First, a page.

Washington 3. Novr: 1804.
I wrote you a few lines from New-York, enclosing a copy of Commodore Morris’s Defence, for Mr: Shaw—The day after which I left that City and came on multum jactatus mare et terris—to Philadelphia in the Land Stage, and thence to Baltimore by the way of Newcastle and Frenchtown; chiefly by water—a mode of conveyance to me much more agreeable than that of a Stage Coach over the chaotic roads on this side of Philadelphia—I arrived here last Monday—the 29th.—the very day upon which I had fixed for my arrival, before I left Quincy—I should have preceded my reckoning by one day, but for a very long passage of 36 hours from French-town to Baltimore, a distance which seldom calls for more than an eight or ten hours sail—A smooth Sea, and a fair Sky, made however some compensation for the want of wind, and made the length of the voyage only tedious—I found my wife and children well—and all the family with whom we reside, also in good health—But from the State of New-York to that of Virginia inclusive, they have had in all the interior Country a Season uncommonly sickly—I pass’d a couple of hours at Philadelphia with Dr: Rush whose accounts were truly melancholy—The mortality has not been in any proportion to the universality of disease, but from the concurrent testimony of every body I have seen, possessing the means of information, the harvests have very considerably suffered, by the want of people to get them in—
As I arrived soon after the middle of the day at Philadelphia, I stop’d there, only one Night—when at the earnest invitation of my brother’s friends Mr: and Mrs: Rutter, I took the bed in their house, which he formerly occupied—They appear very much to regret his loss, and speak of him with the most cordial affection.—I called at Dennie’s lodgings, and also at the Office where the Port-Folio is published, but did not find him at either—I likewise left a letter from my brother for Mr: Ewing, at that Gentleman’s Office, but did not see him.
Since my arrival here, I have called upon the President, who had some conversation with me respecting the conduct of the British frigates on our Coast, during the course of the last Summer, and respecting, the trade of arms and Ammunition principally carried on from New-York to St: Domingo—He said nothing relative to the controversies with Spain, or to the murmurs of Louisiana.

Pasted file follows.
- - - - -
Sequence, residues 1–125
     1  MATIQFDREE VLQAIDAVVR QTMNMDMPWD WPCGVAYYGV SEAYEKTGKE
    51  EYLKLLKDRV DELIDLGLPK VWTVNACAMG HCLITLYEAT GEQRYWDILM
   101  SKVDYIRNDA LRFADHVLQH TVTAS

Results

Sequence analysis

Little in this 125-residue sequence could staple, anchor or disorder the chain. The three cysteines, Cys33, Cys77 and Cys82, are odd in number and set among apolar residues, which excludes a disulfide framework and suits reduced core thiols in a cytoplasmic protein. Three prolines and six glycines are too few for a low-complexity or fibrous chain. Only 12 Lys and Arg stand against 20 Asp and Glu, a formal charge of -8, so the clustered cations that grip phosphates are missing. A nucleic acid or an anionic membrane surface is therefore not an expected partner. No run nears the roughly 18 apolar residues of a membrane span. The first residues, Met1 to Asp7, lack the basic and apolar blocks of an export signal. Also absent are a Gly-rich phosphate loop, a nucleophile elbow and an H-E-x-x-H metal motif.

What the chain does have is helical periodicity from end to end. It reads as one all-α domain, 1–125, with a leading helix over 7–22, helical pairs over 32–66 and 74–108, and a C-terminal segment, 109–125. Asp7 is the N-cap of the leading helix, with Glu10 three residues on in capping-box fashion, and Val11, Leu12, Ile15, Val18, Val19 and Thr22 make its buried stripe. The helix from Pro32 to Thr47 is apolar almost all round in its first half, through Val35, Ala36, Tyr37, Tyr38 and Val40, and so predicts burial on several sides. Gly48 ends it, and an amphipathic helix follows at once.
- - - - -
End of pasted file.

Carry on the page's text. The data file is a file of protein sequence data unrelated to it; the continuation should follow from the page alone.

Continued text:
As to the British frigates, there is no official information of that disapprobation by the British Government, upon the conduct of their Officers, which has been announced in the newspapers—Nor does it appear that the Captain of the Cambrian and Leander, or either of them have been recalled—But they have not given any recent cause of complaint; and by the letters from Mr: Monroe, the Ministry give him perfect satisfaction upon every representation made by him on the subject—The conduct of their Ships and Officers in the European Seas, is also generally such as is satisfactory to him—The disposition of the present Ministry, is also very amicable—
The trade from New-York to St: Domingo, is a subject of grievous complaint to the French Minister, who peremptorily demands that our Government should interfere to suppress it—The Blacks give such excessive prices for arms and ammunition, that several merchants in New-York have fitted out, and are still fitting out vessels to send them these Articles; in some instances they have armed the ships, in force sufficient to force their way through, in case of attack by the french privateers—Mr: Jefferson thinks, that on the return of any of these armed vessels, if they should have fought with a french privateer and killed one of her men, our Judges ought to hang every man on board the American Vessel, for Murder—He draws his inference from the Common Law Principle, that homicide committed in support of an unlawful Act is Murder—But common Law Rules should not be applied to the objects which essentially belong to the Laws of Nations—I questioned the accuracy of his argument, but asked him why the Government had not interfered, to prevent the arming of these vessels at New-York—He said the Law would not bear them out in such interference, though he admitted it had been done, at an early period of the late War—This he first said was by virtue of a temporary Law; but afterwards recollecting himself, said it had been done, without a Law, and submitted to—But that had it been contested the authority of the Government could not have been supported for the measure—Hence I conclude we shall have a Law for such an authority at the approaching Session.
I have seen General Wilkinson, who has taken a house here to reside during the Session—I imagine he waits for an Answer from you to his letter—His power to prescribe roundheads to his Officers, is denied at the War-Office, and therefore the Court-Martial on Major Butler hangs heavily upon him—Colonel Burrows is also here, and as I hear has fully and honourably settled his Accounts—But his health is very low.
I am, Dear Sir, ever affectionately and dutifully your’s.
MHi: Adams Papers.